VET: time to reform ‘forgotten middle child’ of education


Australia’s vocational education and training sector has developed a bad reputation for unscrupulous operators taking advantage of “naïve” system design in recent years.

So it’s important there’s a national review of Australia’s “forgotten middle child in education” — the VET sector — before governments renew national agreements underpinning its operation next year, argues a new report from the Committee for Economic Development of Australia.

The think tank recommends a comprehensive national review of the sector be undertaken, which would underpin discussion at the Council of Australian Governments on reaching a new National Partnership on Skills Reform for when the current one expires at the end of this financial year.

CEDA is concerned that the VET system lacks effective regulation, transparency and is geared towards an economy with different skills requirements. Recommendations include:

  • Improving data and transparency of data to help stakeholders make more informed decisions;
  • Shifting from narrowly defined qualifications to broader sets of skills transferable across occupational clusters;
  • An increased focus on delivering Certificate III and Diploma qualifications to better align with industry needs;
  • Strengthening regulatory oversight and ensuring regulators have the power to act if standards are not being met; and
  • Providing national information around providers, pricing, qualifications, audit findings and satisfaction survey results to the public.

There are a few big issues to be tackled. One is to consider what VET should be trying to achieve. The way we think about vocational training will need to adapt to the changing nature of work, CEDA argues, so the sector should be moving from a narrow focus on achieving competency in a particular job towards including a more diverse set of skills, such as creativity, social intelligence, patience, critical thinking and resilience. This would help to improve employment mobility and flexibility.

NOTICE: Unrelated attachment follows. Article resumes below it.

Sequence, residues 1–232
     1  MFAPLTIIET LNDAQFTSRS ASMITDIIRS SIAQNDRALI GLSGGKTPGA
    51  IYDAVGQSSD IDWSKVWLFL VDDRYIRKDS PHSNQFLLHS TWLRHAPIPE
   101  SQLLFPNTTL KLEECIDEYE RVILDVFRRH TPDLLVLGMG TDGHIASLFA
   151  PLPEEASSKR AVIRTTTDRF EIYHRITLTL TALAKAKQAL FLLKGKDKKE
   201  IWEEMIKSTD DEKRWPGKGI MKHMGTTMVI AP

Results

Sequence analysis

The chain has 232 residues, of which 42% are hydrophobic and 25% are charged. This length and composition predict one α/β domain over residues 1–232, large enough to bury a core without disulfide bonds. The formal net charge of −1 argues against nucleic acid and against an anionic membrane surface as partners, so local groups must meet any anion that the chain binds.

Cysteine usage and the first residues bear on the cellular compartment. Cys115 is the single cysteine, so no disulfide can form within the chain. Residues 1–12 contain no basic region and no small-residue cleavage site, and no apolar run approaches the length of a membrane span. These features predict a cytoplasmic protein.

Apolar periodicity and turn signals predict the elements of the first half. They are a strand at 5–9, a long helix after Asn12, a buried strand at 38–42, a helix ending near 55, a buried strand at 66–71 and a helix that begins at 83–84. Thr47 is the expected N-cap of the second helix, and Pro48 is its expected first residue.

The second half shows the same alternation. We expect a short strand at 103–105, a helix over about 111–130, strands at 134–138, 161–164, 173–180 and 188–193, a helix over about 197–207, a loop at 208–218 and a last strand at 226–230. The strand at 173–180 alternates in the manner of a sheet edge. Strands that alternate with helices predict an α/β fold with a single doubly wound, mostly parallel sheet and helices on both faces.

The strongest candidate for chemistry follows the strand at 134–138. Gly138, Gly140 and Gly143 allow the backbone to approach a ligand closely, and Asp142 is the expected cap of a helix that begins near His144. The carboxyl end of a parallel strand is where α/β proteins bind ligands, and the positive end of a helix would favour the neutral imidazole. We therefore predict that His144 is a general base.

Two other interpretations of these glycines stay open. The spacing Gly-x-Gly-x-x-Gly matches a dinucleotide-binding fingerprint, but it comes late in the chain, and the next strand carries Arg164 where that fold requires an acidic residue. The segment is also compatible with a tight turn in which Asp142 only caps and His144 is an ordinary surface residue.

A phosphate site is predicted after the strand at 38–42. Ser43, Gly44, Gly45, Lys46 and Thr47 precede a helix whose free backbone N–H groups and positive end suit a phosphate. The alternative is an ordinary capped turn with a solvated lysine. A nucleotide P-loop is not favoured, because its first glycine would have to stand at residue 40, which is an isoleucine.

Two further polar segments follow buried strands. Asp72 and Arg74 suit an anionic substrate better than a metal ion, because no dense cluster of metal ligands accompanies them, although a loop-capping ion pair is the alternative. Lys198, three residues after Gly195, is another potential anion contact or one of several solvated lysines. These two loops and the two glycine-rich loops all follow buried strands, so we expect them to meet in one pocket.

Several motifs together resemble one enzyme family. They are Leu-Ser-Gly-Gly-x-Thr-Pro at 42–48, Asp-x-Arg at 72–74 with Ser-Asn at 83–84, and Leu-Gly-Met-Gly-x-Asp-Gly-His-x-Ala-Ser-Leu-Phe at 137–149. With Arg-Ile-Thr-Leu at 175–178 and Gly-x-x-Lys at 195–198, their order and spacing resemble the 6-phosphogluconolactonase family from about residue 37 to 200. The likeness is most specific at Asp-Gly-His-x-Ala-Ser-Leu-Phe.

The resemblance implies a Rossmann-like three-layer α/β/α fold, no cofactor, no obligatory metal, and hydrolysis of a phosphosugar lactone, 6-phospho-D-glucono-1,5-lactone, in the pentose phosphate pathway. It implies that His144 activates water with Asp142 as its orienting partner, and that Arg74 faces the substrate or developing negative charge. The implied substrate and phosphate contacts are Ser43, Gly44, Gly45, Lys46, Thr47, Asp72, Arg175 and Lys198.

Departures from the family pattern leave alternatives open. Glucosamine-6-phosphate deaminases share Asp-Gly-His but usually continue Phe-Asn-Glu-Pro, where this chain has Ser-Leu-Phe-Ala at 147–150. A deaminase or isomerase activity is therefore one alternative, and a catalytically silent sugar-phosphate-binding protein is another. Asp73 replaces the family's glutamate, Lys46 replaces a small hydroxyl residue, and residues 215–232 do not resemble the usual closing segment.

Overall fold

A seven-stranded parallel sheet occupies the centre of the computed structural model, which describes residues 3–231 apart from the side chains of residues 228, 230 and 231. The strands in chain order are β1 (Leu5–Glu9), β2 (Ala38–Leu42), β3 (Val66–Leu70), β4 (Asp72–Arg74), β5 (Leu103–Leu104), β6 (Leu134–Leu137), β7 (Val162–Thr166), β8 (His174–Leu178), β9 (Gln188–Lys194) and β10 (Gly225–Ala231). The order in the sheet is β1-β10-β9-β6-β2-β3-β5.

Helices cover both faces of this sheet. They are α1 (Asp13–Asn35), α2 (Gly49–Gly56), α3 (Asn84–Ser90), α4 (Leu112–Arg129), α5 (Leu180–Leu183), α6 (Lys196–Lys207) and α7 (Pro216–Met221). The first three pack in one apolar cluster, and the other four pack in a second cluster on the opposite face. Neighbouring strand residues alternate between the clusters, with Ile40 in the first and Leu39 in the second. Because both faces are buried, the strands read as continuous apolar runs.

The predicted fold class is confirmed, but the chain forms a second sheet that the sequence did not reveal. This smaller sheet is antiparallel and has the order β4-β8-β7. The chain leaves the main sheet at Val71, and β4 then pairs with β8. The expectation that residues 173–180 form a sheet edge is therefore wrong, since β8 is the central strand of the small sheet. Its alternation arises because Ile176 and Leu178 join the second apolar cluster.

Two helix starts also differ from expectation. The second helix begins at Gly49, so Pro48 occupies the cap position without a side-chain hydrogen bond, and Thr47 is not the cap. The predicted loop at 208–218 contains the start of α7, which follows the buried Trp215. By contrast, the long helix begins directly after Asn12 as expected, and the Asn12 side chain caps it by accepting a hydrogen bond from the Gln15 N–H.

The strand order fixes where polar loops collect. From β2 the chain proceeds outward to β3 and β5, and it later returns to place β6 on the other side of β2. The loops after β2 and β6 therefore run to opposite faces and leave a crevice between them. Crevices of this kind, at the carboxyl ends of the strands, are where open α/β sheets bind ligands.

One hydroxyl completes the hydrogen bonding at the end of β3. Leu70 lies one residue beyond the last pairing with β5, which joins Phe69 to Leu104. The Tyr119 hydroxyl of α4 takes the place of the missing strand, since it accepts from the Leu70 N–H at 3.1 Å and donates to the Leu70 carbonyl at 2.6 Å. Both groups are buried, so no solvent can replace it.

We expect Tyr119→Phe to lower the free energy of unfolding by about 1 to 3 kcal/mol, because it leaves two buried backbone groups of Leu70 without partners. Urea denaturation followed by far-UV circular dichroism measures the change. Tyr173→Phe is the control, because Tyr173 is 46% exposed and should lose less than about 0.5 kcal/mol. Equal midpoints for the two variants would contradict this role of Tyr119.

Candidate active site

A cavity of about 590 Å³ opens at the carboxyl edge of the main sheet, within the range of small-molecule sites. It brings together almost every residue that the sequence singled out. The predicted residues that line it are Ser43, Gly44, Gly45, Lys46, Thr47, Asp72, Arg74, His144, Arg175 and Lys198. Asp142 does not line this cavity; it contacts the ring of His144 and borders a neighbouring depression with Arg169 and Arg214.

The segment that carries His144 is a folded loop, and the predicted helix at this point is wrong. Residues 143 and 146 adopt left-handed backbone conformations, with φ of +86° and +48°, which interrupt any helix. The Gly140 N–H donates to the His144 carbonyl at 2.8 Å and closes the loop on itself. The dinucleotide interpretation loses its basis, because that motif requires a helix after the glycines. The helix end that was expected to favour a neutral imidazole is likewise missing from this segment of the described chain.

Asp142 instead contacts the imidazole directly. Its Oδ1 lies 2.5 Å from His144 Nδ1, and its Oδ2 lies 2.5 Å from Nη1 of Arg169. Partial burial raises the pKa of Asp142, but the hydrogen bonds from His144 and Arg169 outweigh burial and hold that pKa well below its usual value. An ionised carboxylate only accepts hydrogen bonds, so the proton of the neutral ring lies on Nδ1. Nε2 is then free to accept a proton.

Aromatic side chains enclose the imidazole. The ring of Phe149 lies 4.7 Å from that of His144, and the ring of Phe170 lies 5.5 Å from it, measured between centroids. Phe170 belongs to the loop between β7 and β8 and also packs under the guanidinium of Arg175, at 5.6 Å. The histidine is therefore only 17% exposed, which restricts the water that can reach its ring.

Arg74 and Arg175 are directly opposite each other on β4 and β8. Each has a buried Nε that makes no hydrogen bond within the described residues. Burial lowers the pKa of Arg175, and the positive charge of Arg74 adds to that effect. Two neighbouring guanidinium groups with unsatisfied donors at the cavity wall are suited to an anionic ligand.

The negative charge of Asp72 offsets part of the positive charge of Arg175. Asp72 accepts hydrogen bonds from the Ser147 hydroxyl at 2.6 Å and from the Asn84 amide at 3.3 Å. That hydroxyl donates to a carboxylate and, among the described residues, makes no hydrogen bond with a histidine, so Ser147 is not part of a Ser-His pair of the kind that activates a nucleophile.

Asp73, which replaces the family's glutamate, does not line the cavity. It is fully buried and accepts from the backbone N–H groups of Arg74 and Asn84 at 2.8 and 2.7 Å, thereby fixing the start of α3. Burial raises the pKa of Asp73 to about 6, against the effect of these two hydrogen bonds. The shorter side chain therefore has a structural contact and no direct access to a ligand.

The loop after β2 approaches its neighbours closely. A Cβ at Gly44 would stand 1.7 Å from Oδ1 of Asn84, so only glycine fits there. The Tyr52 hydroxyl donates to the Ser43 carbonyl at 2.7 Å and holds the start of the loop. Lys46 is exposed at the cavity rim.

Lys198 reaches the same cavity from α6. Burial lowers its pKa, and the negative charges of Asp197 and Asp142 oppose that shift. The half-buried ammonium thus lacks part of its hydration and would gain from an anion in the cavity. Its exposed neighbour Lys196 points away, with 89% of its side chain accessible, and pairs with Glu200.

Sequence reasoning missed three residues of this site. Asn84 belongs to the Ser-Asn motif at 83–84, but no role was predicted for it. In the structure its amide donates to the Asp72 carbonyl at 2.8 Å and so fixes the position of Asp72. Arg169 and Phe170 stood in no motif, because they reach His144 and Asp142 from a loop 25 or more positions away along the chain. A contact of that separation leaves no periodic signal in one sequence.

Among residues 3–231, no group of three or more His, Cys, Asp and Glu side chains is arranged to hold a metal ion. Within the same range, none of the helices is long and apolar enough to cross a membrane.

Of course, dealing with private operators abusing the system is another big issue. But governments’ response to the problem of dodgy providers must find “the fine line between allowing the sector to continue to be competitive and adaptable to stay true to the spirit of contestability, and ensuring that there is enough oversight to prevent fraudulent behaviour”, CEDA warns. Governments should consider bringing in a risk-based oversight approach “whereby regulators can assess risks based on factors such as student cohorts, provider performance and student outcomes, with regulators given the power to act if standards are not being met”, says CEDA.

Introducing a small up-front fee for students to act as a price signal may also make it less likely students will enrol in courses that aren’t useful. Indeed, it can be hard for students to know whether the course they’re enrolling in is useful, so making national information around providers, pricing, qualification, audit findings and satisfaction survey results more accessible to the public would help reduce information asymmetries.

CEDA has released the report to prompt a debate on how the sector should look before the current national partnership agreement finishes. “It is extraordinary that despite the fact that the NP [National Partnership agreement] is concluding at the end of this financial year, there has been little said or done about another agreement,” argues the report.

“It is critical that work be undertaken under the COAG process to decide what the eight jurisdictions will do about the VET system beyond 2016-17 given the sector’s contribution to skills and growth. In fact, a holistic VET policy has been sorely missing from the landscape, with VET policy debates tending to be relatively narrow in focus, for example, the redesign of the VET FEE-HELP program.

“To this end, COAG should consider undertaking a long-overdue comprehensive, national review of the sector that aims to examine its role in meeting Australia’s skills needs. The review would form the basis for COAG discussions towards a new agreement into the VET system once the NP expires.”

VET has changed significantly since the principles for its funding were laid out in 2012 in the current agreement between the Commonwealth, state and territory governments, which came out of COAG.

The Victorian government announced an overhaul of its training and TAFE system to improve quality and system stability last week, to be introduced progressively from January 2017.

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